Jumbo camps: But where are they?
They are the most loved animals in India. And ironically, they are the most neglected ones! It is nothing but sheer mockery of faith when the same people and politicians who worship the elephant-faced Lord Ganesha continue to display utter apathy when it comes to the welfare of elephants. Consider this: According to official statistics there are at least 140 elephants housed in 26 different zoos and 16 circuses across India. And there are roughly 3,500 captive elephants either in the many temples across the country and forced to roam around the streets to collect alms or in logging camps transporting timbers.
The jumbo park plan!
In November last year, the Government of India announced that some of these captive elephants in zoos, circuses and temples would be housed in the soon-to-be-created ‘elephant camps’ in the jungles of India while the other young, active and competent ones would help patrol tiger reserves or in the eco-tourism projects.
The animal right activists hailed the move by the Government for this decision for it was a culmination of their long years of campaign to free and provide the captive elephants their natural habitat in forests.
8 months after, no progress yet!
But even after 8 months of announcing the plan except for a handful of elephants in one or two states transferred to jumbo parks a majority of the captive elephants continue to languish in their environments.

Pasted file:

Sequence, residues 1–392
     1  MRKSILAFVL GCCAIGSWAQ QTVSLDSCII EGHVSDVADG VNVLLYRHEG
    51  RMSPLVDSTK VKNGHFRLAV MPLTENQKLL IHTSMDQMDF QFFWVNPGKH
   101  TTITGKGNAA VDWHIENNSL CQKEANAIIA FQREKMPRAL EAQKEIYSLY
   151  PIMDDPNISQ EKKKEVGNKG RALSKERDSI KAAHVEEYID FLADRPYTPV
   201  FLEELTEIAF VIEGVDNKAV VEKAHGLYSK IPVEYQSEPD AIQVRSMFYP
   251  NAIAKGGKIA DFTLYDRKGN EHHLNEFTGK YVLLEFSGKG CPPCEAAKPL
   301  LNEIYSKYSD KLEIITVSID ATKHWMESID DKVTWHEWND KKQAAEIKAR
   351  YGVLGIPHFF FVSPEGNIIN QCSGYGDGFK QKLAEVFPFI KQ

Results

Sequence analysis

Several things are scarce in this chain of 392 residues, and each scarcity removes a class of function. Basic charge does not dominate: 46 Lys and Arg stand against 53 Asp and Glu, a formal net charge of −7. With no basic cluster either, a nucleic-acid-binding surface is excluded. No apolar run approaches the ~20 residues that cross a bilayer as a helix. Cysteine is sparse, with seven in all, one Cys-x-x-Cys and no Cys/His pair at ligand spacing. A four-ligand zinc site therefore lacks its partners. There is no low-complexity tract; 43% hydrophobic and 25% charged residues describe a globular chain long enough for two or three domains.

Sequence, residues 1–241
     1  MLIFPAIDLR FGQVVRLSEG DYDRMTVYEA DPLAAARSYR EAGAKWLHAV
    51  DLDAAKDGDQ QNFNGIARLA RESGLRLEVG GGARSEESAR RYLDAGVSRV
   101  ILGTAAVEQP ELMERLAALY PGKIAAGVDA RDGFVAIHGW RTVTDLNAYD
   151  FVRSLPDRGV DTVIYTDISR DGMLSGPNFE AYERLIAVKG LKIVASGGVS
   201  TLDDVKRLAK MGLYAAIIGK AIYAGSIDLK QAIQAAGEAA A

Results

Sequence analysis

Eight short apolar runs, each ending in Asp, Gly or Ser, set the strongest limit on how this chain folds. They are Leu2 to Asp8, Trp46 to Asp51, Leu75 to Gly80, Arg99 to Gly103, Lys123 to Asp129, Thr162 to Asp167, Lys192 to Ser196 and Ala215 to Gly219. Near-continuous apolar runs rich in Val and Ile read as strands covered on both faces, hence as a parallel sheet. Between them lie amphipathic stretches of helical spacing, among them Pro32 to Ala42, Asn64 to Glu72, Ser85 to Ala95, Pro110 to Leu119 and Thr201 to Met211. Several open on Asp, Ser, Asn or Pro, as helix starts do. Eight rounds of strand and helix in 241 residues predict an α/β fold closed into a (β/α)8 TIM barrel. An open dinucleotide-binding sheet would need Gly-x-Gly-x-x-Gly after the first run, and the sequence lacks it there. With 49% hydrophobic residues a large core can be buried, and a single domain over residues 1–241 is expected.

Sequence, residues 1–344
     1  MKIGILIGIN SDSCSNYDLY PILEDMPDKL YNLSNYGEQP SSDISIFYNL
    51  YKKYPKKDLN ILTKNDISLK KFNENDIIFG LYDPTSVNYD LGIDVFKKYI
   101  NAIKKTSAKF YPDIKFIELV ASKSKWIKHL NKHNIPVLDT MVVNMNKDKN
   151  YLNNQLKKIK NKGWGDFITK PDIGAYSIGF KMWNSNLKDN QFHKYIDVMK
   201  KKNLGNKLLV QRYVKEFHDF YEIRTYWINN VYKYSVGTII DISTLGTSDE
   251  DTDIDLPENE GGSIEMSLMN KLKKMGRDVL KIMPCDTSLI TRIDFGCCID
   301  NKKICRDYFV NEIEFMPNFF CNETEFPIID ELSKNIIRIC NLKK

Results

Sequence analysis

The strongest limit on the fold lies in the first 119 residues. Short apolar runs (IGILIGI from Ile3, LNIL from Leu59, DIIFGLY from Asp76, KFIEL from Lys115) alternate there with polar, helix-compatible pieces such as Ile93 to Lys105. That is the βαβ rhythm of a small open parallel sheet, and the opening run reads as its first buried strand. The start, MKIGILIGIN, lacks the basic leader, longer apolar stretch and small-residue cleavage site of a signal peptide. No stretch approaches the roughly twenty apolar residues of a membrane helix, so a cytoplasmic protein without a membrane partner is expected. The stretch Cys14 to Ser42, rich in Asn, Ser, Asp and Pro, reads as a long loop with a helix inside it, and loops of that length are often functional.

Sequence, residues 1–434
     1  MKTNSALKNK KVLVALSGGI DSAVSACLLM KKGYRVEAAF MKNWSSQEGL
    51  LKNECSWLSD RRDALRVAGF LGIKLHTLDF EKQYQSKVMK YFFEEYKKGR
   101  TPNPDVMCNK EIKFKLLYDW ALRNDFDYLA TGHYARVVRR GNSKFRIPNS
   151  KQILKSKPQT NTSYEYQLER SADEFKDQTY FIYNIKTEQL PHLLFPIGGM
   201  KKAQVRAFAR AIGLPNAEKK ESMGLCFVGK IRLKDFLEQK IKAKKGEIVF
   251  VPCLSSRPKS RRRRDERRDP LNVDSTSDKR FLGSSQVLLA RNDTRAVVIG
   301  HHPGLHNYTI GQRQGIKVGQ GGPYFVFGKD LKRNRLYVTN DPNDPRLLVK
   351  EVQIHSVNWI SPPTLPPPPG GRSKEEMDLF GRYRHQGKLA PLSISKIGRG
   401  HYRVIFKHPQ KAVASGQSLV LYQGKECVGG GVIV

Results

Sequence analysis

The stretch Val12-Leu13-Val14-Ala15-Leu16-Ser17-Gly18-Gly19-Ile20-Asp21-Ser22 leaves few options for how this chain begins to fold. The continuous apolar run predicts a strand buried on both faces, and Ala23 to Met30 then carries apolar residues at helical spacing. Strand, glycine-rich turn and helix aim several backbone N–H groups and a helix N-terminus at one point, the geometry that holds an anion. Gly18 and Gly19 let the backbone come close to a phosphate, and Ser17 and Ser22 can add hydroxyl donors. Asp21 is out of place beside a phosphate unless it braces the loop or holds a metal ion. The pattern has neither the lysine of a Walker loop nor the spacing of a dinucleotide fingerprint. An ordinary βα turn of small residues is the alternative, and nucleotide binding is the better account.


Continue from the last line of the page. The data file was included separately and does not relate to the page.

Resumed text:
According to the Animal Welfare Board of India despite the announcement there have no new parks created and no funds allocated! To add to the problems, the illegal encroachments by man into the vast areas of jungles for mining projects have literally left no place for creation of new parks!
The consequence of the official indifference in implementing the “jumbo parks plan” has meant continued suffering for the elephants. A few years ago in Mumbai an elephant roaming the streets begging was hit by a water tanker and was left unattended to suffer for one full day before it succumbed to the injuries! And in another incident an elephant disturbed by the bursting crackers on the streets went on a rampage smashing many cars before it was controlled by the paramilitary troops! These are just a few in the series of fatal accidents the elephants were exposed to!
The delay in implementing the plan to move captive elephants to jumbo parks has also meant loss of human lives! In 2006 in the state of Kerala, a temple elephant went on a rampage killing many people who had assembled there on a festive day. And last month a drunken man who sneaked into the Byculla Zoo in Mumbai to steal the iron padlock was trampled to death by a captive elephant.
The reason for the unruly behavior by the captive elephants is that they are made to live under high stress in unfriendly captive environments and most of them are chained or made to work for long hours.
A survey on Indian zoos found that the conditions and facilities in a majority of these zoos are sub-standard and literally not fit for keeping animals! Living day in and day out in these appalling conditions obviously negatively impacts the elephants’ mental balances leading to mood swings and increased arrogance. It also shortens their lifespan! The pachyderms are highly social animals when they are in their natural habitat and can live up to 60 or 65 years unlike their captive counterparts who live only for 15 years!
It is high time that the Government of India and the ‘inactive’ state governments to start implementing the plan to free the captive elephants and move them to their natural habitats if not for the sake of elephants but at least for saving human lives. Anyone listening?!